Why I switched to QbTest for ADHD testing at my clinic

July 10, 2024| Case Studies

1-minute summary: ADHD can often be a complex diagnosis to navigate. Board-certified psychiatric mental health nurse practitioner and founder of Sulcata Psychiatry, Stoni Johnston, details how switching to QbTest evaluations helped improve efficiencies and streamline her practice.

As high boredom proneness has been considered one of the core symptoms in individuals with ADHD, it’s important to measure attention levels accurately and with clinical utility.  

The tool we previously used to test for ADHD is ‘gamified’. Gamification adds elements that create a more engaging test-taking experience – one of the main risks with this is performance hindrance. Game elements are known to normalize the performance of people with ADHD, which means test takers are able to pay higher levels of attention than usual. This increases the risk of false negative results. Shorter cognitive tests with real-time feedback or on-screen timers aren’t always appropriate because they give patients the ability to anticipate deadlines and transitions.  

The previous tool didn’t always give us accurate results. There was a lot that was open to interpretation and not enough evidence to pass a formal diagnosis or rule out ADHD from its series of quick 5-minute cognitive tests.  

No training or clinical support

Since there was no formal training or clinical support. Their at-home performance results had lower scores than in-person tests. Lack of substantial resources meant unclear instructions and difficulty for patients to set up the test at home. There was a risk of inaccurate outcomes.

Time-consuming for providers

The reports of our previous tool, though visual, were not clear. Often, multiple clinicians would have to look at the reports to interpret results accurately. The process was becoming very time-consuming.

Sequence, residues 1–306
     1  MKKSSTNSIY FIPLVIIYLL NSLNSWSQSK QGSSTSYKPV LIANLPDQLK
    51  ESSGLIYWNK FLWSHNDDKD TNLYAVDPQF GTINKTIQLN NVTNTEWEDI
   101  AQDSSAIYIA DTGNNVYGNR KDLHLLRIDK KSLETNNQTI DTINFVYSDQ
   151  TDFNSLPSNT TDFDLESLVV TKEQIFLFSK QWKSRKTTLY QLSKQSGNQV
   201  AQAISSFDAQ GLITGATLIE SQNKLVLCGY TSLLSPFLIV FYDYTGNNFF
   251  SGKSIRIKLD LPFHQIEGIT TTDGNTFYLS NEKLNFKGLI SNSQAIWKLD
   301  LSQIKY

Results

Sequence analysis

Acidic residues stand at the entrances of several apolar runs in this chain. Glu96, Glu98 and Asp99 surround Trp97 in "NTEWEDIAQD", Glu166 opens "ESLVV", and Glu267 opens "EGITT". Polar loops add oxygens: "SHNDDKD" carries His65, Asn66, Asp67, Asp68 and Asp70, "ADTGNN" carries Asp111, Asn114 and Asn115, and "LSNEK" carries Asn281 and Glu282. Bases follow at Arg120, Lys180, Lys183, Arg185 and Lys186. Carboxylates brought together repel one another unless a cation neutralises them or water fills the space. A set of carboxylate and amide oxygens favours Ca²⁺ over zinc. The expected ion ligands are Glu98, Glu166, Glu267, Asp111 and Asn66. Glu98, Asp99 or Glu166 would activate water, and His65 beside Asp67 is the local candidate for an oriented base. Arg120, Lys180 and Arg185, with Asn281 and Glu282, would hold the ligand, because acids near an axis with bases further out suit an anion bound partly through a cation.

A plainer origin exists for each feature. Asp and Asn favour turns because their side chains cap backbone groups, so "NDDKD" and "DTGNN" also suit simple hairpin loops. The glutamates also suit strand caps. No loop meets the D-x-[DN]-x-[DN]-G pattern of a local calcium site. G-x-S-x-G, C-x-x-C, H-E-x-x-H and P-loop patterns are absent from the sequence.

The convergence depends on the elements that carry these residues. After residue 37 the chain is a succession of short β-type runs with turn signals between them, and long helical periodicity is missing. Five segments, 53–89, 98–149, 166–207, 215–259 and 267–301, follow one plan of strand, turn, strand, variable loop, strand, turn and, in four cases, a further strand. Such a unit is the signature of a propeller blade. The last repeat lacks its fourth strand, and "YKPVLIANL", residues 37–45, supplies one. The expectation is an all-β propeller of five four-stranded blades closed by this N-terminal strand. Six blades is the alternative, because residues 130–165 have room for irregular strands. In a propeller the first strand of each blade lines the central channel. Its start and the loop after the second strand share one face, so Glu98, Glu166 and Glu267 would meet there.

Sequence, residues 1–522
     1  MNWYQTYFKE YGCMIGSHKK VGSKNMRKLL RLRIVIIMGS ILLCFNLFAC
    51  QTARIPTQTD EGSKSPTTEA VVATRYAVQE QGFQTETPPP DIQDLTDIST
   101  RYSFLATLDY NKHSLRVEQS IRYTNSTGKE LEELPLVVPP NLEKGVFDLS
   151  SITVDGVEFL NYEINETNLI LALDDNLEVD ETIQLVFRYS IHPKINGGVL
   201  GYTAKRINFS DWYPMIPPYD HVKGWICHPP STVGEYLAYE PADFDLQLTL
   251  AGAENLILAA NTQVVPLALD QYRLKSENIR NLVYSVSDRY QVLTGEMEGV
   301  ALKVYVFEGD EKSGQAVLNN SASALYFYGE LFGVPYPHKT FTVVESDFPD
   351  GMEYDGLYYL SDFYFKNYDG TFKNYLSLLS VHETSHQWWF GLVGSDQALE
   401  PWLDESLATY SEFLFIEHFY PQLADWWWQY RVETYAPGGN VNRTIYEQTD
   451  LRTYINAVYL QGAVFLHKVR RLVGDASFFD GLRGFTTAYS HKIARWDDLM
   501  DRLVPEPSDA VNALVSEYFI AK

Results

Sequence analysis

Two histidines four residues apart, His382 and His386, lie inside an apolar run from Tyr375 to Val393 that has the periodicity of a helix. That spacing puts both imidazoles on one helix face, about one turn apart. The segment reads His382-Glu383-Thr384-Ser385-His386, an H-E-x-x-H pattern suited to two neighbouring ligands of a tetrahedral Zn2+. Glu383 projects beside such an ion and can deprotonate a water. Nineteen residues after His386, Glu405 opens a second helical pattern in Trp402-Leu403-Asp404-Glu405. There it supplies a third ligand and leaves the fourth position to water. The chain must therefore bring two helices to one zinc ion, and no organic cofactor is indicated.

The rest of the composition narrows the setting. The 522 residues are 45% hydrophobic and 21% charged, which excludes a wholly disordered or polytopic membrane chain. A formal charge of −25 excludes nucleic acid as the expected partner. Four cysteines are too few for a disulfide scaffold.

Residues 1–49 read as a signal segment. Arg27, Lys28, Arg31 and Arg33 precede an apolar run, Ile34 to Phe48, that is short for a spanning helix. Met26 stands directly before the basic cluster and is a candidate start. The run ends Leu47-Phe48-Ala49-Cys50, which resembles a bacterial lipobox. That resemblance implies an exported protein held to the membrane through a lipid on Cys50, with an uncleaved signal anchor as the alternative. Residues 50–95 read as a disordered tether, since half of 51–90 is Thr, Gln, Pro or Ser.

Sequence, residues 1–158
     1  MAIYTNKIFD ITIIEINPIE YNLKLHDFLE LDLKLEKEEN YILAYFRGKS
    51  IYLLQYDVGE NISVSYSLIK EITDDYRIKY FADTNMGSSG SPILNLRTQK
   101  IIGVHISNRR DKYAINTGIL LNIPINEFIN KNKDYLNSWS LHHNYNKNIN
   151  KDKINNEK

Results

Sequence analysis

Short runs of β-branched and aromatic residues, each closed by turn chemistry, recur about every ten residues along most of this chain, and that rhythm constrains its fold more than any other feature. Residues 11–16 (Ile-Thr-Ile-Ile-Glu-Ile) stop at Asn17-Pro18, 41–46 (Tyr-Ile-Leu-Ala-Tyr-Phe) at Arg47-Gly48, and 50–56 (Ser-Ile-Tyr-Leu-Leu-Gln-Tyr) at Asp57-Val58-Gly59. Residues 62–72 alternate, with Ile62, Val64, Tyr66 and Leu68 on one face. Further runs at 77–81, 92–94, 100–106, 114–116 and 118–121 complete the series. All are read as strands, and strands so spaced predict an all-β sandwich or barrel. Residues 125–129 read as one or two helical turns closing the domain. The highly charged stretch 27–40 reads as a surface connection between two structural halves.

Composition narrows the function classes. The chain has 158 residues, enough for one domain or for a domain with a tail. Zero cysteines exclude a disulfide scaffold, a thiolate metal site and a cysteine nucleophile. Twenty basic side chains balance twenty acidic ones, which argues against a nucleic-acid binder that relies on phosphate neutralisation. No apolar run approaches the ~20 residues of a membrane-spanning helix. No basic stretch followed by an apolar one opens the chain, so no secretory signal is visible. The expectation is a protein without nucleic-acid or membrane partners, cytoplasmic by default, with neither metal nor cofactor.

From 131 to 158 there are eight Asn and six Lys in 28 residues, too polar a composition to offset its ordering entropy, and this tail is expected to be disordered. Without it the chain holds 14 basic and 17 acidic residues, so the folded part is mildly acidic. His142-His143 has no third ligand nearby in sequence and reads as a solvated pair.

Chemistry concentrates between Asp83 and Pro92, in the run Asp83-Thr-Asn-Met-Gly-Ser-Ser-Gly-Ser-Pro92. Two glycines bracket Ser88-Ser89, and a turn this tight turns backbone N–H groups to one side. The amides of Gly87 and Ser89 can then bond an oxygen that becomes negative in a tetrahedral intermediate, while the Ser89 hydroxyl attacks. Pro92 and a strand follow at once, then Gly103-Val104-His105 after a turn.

We also needed a tool that would help us determine whether a patient needed medication and if so, the ideal dosage. We had an influx of patients requesting stimulants and we needed something that could help us manage our pathway better. This is when we started looking for an objective test since they are more sensitive to medication effects than patient self-rating. 

How QbTest transformed my clinic’s ADHD evaluation process

Normative database for ADHD testing

To have patient data compared to a normative control group of the same age and sex at birth who don’t have ADHD is a significant improvement. A 6-year old's test result looks different from a 45-year-old.   

Parents might look at their child's results from our previously used tool and think their child is 'out of bounds'. But when you have access to the normative data, they see that their child isn't deviating too far from their age bracket.  

This is one of the many ways in which QbTest helped free my providers’ time and made our evaluation process more effective and streamlined.  

The ability to monitor treatment effects